Justice Thissen: You are right that it is a very different process. There are only seven of us involved and each of us has closely considered the case and come to our individual initial conclusions. We are representing our best thinking as individuals when we enter the room and we speak to each other candidly. In contrast, legislative leaders, and the governor and his commissioners, are representing much larger constituencies—their caucuses, their constituents, their parties—which puts a limit on decision-making authority and also limits candor. And there is no staff in the room here—just the seven justices. That makes a big difference. I have been so impressed at the magic that happens when, as justices, we put our minds together, draw on one another’s insights and reach a stronger conclusion than any of us would likely have reached on our own. And a big part of that is that as a Court (unlike the reality of the legislative process), we are all genuinely playing on the same team, if that metaphor is apt. It should go without saying, but it’s true that a Minnesota Supreme Court conference is obviously less partisan and political than end-of-session negotiations. 

In addition, the fact that the Legislature and the judiciary have distinct roles makes the process of reaching decisions different. The Legislature deals in the big picture; judges deal with cases between specific individuals involving specific facts. The Legislature is there to represent the voice of the people. In addition, while the Court is charged with implementing that voice, a critical role of judges is to protect other voices that are sometimes not heard when “the people speak.” We’re there to protect the fundamental individual and political rights of those not in the political majority at any given time.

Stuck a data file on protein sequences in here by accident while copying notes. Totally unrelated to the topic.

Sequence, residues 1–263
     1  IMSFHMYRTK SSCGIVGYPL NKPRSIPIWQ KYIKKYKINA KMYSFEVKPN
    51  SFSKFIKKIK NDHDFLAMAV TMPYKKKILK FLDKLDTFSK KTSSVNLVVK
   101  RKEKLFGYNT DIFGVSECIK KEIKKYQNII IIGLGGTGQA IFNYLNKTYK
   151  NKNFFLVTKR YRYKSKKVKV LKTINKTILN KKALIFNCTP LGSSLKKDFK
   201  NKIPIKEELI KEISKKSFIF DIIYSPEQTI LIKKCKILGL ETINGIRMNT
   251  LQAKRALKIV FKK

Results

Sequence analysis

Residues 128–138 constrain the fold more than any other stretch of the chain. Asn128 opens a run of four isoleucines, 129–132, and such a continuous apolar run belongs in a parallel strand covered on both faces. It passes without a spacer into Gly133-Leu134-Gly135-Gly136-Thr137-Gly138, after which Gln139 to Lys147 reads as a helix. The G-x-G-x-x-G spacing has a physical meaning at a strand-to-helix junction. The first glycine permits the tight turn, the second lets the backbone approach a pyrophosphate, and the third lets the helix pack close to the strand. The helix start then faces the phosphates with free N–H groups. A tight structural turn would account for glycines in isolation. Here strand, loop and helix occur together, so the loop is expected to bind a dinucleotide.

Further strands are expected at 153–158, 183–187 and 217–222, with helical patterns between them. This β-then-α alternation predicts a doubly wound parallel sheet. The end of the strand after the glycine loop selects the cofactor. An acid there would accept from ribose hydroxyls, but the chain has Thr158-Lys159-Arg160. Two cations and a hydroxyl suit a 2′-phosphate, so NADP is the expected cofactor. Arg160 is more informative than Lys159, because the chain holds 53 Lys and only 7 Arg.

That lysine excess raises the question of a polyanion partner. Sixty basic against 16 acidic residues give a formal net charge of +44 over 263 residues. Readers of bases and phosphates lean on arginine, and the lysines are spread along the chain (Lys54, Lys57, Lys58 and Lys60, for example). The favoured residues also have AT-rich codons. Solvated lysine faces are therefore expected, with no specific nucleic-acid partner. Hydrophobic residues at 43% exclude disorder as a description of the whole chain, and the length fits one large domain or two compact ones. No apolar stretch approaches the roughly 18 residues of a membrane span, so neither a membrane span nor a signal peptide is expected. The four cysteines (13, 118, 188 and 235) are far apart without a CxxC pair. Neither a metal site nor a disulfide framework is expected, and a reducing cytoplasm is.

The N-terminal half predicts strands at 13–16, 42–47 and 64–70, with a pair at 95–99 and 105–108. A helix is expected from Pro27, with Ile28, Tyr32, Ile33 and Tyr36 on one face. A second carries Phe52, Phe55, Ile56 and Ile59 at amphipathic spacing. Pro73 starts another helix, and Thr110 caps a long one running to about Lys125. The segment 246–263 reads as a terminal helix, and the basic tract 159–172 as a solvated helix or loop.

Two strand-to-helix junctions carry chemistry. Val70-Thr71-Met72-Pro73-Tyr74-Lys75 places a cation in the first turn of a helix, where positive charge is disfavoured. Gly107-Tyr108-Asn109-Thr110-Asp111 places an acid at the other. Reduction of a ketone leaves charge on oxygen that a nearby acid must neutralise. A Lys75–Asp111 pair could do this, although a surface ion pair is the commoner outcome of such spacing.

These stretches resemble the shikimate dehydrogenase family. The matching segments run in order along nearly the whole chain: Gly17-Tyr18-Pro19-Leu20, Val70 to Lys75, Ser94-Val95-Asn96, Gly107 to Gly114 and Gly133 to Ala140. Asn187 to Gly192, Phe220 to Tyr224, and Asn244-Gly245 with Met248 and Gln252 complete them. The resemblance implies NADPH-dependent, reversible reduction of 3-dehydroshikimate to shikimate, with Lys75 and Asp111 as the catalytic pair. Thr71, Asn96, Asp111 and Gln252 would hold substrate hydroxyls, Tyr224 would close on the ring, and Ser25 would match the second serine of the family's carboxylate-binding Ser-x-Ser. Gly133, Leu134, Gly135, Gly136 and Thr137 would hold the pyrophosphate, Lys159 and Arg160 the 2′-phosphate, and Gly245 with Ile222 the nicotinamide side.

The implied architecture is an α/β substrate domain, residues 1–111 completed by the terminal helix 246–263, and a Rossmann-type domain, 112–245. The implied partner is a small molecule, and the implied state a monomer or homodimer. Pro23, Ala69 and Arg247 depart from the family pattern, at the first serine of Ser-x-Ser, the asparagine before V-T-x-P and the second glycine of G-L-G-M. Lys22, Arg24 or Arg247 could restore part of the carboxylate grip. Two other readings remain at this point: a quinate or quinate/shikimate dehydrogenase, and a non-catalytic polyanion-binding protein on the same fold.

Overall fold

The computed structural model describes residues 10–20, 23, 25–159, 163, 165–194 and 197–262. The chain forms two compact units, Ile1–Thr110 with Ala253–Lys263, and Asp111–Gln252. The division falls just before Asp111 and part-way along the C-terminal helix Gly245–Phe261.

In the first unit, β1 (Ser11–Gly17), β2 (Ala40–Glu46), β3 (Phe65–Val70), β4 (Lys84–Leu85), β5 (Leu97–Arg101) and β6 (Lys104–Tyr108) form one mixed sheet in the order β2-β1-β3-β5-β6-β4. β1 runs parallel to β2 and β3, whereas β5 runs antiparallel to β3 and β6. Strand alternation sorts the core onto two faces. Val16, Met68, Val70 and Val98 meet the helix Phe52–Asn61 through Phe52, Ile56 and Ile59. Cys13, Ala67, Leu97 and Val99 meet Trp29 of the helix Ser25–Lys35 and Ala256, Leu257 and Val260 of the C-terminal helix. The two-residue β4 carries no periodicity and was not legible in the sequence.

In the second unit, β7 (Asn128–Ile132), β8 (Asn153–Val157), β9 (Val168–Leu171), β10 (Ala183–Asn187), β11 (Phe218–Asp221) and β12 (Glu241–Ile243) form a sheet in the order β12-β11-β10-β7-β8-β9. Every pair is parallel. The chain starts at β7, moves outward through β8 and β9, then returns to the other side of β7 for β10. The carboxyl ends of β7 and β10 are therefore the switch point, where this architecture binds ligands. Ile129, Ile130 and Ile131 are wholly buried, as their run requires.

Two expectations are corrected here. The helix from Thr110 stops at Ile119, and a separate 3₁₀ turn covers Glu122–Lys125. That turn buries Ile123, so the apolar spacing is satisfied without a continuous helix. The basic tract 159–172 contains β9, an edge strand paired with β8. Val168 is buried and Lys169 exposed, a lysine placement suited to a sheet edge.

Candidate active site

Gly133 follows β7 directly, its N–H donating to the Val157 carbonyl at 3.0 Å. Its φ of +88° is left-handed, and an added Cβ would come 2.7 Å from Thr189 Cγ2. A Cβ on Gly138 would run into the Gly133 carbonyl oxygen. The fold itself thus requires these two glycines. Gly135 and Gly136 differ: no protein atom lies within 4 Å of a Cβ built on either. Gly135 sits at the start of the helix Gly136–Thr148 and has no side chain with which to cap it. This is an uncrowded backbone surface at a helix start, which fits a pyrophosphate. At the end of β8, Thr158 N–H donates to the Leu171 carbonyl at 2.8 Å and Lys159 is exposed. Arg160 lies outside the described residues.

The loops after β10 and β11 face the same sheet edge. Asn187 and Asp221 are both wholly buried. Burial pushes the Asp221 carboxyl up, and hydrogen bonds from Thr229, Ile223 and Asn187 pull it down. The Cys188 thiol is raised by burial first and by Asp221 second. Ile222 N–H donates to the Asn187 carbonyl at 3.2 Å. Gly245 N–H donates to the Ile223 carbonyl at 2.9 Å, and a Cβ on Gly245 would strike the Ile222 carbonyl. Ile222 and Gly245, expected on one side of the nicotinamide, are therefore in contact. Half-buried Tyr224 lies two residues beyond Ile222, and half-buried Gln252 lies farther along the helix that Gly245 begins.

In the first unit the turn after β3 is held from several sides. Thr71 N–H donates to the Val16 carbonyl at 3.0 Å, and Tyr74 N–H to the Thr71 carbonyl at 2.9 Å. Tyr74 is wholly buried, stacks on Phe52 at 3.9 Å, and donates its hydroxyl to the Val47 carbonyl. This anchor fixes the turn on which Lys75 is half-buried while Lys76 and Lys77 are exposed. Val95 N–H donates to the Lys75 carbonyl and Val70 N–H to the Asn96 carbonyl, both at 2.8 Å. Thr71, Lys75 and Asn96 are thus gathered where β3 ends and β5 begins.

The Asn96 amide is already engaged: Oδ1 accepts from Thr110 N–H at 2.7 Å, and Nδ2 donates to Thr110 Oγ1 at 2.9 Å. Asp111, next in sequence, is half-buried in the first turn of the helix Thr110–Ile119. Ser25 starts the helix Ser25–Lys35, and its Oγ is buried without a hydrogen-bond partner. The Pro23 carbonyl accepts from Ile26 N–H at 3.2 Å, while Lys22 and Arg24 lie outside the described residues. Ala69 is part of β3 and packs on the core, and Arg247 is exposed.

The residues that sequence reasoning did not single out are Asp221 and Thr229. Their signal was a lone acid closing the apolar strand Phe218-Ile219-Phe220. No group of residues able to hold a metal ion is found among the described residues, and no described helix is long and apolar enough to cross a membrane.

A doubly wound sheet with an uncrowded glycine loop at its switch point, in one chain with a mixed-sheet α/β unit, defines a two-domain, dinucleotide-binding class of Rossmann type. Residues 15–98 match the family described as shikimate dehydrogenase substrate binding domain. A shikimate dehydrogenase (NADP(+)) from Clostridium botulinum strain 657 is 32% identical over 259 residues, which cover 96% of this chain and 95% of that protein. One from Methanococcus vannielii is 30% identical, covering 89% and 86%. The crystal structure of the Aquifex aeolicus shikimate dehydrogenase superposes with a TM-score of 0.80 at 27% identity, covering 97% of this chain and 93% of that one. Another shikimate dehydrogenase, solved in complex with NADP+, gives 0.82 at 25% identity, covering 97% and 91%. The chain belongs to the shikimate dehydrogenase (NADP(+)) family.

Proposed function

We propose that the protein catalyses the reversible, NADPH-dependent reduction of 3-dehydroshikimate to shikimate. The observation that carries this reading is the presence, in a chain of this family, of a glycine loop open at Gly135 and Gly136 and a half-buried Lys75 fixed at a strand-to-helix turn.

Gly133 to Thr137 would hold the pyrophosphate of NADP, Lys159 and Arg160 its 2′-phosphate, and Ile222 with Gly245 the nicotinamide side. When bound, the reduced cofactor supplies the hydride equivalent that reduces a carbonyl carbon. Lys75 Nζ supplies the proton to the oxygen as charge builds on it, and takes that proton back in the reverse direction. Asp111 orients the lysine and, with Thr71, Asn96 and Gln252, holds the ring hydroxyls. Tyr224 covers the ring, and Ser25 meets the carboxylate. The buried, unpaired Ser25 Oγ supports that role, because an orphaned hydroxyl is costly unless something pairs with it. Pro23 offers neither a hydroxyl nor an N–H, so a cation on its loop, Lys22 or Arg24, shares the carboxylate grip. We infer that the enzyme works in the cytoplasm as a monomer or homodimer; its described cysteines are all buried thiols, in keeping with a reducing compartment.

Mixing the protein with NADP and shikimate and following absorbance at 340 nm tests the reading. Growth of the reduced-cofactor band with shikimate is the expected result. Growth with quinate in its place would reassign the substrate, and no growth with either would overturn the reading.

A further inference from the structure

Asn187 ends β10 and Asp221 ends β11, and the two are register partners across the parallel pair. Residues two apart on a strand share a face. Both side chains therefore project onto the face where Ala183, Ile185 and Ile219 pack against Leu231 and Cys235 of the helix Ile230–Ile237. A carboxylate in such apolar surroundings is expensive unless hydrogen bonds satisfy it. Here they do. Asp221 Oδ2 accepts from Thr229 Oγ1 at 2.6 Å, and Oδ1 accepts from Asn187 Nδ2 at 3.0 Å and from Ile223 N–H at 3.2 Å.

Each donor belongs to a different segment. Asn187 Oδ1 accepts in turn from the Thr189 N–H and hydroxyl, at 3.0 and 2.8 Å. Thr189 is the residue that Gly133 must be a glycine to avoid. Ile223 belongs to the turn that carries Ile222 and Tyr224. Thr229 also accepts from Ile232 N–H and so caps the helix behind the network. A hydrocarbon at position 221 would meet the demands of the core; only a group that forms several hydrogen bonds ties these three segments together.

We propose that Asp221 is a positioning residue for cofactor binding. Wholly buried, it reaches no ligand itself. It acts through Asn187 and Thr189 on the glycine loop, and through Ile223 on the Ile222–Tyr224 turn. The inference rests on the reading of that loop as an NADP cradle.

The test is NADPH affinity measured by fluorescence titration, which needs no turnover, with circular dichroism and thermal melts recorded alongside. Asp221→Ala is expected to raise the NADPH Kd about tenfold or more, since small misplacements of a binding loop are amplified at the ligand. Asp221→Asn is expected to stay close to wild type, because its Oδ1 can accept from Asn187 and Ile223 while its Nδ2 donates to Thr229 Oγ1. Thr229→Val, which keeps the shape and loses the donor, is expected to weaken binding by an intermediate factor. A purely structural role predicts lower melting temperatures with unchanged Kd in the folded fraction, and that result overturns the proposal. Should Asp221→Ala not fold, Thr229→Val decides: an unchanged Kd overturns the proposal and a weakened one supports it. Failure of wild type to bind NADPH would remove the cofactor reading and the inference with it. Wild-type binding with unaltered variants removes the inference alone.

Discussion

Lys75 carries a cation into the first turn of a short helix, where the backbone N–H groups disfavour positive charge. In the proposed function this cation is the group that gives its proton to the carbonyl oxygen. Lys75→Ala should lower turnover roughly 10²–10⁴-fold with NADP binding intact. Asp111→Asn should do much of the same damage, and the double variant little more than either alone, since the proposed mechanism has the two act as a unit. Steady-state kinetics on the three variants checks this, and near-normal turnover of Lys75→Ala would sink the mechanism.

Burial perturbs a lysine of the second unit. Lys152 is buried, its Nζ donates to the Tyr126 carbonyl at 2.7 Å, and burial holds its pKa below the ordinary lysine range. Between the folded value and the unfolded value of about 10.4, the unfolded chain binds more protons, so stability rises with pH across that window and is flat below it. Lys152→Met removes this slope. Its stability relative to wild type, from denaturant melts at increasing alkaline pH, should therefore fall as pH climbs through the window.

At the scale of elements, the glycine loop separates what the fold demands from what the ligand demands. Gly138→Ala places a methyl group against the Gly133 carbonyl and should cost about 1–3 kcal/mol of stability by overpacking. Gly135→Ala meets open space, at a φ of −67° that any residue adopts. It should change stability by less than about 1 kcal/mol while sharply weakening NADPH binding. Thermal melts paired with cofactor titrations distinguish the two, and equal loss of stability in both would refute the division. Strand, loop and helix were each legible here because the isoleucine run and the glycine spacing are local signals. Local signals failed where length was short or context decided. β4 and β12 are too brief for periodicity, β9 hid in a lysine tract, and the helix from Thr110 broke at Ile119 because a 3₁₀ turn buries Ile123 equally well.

And that leads to the thing that is not different in the two situations. In each room, I feel both the incredible honor and privilege of being there and the heavy responsibility of doing my best to reach the right decision.

Schmidt: The ComMN Law podcast has analyzed some of your tweets. Who on Twitter do you find most interesting? And where do you find your “this day in history at the Minnesota Supreme Court” material?

Justice Thissen: I have pretty drastically changed my Twitter feed over the last six months. I got rid of a lot of the political stuff, which rarely has much that is useful or interesting. Longreads is great to follow—it has introduced me to lots of interesting authors and essays. The Economist’s Twitter feed. New Scientist’s Twitter feed. I think Jason Isbell is funny and I love his music, so that’s a win. I like to follow Timberwolves developments and commentary. 

I do my own research for the “on this day in Minnesota Supreme Court history” tweets. I love Minnesota history. I love to pull over at the roadside historic markers, and I carry two books in my car—a list of all the historic markers and a book on Minnesota place names. This is an incredibly cool and varied state with thousands of disturbing or funny or thought-provoking stories sitting out there waiting to be retold. And I find that Minnesota Supreme Court cases are another great point of entry into that history. I’m constantly delighted to find a case that lends some insight into a historical incident or gives me a chance to learn more about a famous (or not so famous) character in Minnesota’s history. I also find that the evolution of our state Constitution and statutes, and what that evolution says about our changing values, is fascinating. And a good reminder that how things are today is not how they have to be.